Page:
The Land Registry follows a rule of ‘general boundaries’. This means that the exact boundary line of a property is undetermined and the Land Registry Title Plan only indicates the general location of the property boundary. The exact boundary will be within the vicinity of the red line, but it is not guaranteed to be in the exact position of the red line.
This is unhelpful when boundary disputes arise, for example over the position of a fence which one party argues is only a number of inches or feet away from the ‘correct’ position.
It is possible to fix a boundary for certainty, however the costs involved in doing so fall on the applicant wishing to determine the exact boundary position.
Usually, a surveyor is hired by one or both of the parties to the dispute who is an expert in boundary determination disputes. He/she will review all available deeds and documents relating to the adjacent properties and attempt to decide where the precise boundary should be.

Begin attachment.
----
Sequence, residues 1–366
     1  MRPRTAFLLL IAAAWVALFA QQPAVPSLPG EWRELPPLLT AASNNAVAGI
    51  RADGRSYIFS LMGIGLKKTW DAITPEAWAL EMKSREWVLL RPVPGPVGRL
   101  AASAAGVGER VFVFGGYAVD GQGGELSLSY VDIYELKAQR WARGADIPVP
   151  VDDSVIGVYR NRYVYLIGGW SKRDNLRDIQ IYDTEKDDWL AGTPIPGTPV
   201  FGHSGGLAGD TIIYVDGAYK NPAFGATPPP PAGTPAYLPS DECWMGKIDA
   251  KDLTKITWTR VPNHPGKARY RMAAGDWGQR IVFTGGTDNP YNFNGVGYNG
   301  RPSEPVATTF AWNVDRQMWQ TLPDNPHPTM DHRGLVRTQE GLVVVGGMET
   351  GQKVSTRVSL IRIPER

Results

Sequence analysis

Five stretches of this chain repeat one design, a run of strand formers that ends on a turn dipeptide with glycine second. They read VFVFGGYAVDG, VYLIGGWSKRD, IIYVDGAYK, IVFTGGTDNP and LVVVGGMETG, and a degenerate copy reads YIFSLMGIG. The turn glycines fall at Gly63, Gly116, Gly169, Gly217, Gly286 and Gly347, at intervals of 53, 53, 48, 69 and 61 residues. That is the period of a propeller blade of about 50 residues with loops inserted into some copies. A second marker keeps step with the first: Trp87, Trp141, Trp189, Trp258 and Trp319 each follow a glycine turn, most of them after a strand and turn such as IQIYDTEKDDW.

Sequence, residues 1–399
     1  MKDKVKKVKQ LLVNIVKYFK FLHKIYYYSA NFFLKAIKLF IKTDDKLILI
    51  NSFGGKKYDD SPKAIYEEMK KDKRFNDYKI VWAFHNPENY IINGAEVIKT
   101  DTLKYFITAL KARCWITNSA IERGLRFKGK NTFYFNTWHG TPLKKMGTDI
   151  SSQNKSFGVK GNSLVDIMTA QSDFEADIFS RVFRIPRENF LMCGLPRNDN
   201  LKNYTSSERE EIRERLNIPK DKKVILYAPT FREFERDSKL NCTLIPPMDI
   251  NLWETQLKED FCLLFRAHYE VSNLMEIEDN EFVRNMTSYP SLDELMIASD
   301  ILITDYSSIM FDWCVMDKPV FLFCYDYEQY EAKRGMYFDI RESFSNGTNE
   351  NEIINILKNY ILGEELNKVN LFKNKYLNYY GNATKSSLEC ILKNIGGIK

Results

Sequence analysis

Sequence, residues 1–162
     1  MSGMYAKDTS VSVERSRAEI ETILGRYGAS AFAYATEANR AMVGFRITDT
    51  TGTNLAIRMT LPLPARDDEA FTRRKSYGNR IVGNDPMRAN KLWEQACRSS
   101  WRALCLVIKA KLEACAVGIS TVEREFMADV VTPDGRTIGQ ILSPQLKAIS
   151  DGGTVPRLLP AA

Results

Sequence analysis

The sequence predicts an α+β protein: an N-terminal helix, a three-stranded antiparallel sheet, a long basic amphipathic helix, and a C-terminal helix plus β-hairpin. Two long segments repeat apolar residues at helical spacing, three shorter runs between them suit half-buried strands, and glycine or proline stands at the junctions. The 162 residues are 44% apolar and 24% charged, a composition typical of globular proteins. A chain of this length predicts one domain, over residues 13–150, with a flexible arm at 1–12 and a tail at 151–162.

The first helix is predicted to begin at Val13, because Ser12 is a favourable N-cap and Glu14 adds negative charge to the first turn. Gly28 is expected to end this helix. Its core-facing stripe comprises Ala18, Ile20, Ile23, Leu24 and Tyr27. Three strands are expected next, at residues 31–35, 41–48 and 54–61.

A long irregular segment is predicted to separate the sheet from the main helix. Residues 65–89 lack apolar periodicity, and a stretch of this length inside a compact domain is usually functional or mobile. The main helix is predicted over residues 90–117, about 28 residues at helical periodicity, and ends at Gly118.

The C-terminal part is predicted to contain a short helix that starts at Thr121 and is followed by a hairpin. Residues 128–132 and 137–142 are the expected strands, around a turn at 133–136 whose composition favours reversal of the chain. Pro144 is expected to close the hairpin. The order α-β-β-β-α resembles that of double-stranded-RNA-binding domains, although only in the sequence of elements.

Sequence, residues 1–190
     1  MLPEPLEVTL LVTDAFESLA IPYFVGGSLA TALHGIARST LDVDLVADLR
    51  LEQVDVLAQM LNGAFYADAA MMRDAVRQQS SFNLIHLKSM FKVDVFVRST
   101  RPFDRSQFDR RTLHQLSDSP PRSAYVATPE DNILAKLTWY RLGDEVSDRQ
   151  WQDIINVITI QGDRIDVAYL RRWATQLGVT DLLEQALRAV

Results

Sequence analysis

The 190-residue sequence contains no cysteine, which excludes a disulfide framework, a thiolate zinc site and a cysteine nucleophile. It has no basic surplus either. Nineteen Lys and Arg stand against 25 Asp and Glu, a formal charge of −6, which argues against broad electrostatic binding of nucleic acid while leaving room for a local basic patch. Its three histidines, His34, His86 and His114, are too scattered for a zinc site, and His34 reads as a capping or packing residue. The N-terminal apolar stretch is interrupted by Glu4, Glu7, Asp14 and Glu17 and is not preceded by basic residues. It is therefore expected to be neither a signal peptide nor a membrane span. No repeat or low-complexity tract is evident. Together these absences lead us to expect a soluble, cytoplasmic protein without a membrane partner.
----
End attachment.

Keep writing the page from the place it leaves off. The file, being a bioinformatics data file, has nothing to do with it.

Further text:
When a decision has been reached (which may only be after a court or tribunal hearing), the parties all sign a boundary determination agreement which is sent to the Land Registry, and the Land Registry will update the title plans accordingly.
In all of this, you will notice the Land Registry has a very small role – it is not an arbitrator or decision maker – it merely updates its records once the parties have fought it out between themselves. The Land Registry does not have the power to decide the exact position of a boundary, at the highest level, only a court can do that.